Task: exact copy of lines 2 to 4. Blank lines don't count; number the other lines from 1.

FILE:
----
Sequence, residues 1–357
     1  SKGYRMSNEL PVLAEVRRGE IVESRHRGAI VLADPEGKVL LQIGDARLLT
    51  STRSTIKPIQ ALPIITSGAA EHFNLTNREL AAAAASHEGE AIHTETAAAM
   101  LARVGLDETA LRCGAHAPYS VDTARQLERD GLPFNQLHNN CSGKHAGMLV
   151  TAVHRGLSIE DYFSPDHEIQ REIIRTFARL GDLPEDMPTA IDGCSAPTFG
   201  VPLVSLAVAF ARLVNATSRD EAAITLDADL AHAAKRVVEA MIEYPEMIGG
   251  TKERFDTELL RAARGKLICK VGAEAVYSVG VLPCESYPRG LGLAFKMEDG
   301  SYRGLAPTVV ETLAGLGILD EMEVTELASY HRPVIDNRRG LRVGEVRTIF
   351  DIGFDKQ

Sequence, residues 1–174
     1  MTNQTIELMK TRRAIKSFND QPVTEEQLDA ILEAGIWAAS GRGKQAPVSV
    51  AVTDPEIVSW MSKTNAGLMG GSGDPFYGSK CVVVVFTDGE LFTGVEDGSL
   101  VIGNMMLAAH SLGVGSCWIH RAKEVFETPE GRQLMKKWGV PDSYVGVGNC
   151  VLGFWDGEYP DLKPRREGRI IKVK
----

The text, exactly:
     1  SKGYRMSNEL PVLAEVRRGE IVESRHRGAI VLADPEGKVL LQIGDARLLT
    51  STRSTIKPIQ ALPIITSGAA EHFNLTNREL AAAAASHEGE AIHTETAAAM
   101  LARVGLDETA LRCGAHAPYS VDTARQLERD GLPFNQLHNN CSGKHAGMLV